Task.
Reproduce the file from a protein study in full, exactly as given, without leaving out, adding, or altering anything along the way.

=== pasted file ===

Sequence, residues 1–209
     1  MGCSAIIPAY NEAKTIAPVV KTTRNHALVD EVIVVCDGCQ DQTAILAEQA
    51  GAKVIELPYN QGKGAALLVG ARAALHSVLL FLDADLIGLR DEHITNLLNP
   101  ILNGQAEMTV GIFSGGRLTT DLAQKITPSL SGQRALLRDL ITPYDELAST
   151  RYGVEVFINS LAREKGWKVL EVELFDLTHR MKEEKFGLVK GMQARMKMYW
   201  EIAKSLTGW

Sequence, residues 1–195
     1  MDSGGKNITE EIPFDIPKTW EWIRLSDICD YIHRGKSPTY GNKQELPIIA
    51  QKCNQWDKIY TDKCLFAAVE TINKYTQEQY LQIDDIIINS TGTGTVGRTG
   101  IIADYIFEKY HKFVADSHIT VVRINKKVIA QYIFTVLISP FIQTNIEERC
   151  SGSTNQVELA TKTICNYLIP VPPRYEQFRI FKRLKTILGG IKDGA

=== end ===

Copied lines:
Sequence, residues 1–209
     1  MGCSAIIPAY NEAKTIAPVV KTTRNHALVD EVIVVCDGCQ DQTAILAEQA
    51  GAKVIELPYN QGKGAALLVG ARAALHSVLL FLDADLIGLR DEHITNLLNP
   101  ILNGQAEMTV GIFSGGRLTT DLAQKITPSL SGQRALLRDL ITPYDELAST
   151  RYGVEVFINS LAREKGWKVL EVELFDLTHR MKEEKFGLVK GMQARMKMYW
   201  EIAKSLTGW

Sequence, residues 1–195
     1  MDSGGKNITE EIPFDIPKTW EWIRLSDICD YIHRGKSPTY GNKQELPIIA
    51  QKCNQWDKIY TDKCLFAAVE TINKYTQEQY LQIDDIIINS TGTGTVGRTG
   101  IIADYIFEKY HKFVADSHIT VVRINKKVIA QYIFTVLISP FIQTNIEERC
   151  SGSTNQVELA TKTICNYLIP VPPRYEQFRI FKRLKTILGG IKDGA